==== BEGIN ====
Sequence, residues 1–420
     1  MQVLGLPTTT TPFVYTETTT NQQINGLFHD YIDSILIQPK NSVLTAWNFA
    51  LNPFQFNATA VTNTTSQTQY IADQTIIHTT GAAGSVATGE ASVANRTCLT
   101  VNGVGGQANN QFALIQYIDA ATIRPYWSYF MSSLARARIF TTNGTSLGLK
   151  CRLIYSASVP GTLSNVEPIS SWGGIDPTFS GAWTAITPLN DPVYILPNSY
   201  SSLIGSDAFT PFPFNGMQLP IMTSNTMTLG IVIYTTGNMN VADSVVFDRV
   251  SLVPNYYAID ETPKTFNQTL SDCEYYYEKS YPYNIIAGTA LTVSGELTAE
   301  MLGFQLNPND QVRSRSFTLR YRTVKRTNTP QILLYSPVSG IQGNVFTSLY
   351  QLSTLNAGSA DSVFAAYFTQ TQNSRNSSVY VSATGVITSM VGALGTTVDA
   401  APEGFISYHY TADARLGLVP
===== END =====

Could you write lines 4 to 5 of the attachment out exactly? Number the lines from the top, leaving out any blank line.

   101  VNGVGGQANN QFALIQYIDA ATIRPYWSYF MSSLARARIF TTNGTSLGLK
   151  CRLIYSASVP GTLSNVEPIS SWGGIDPTFS GAWTAITPLN DPVYILPNSY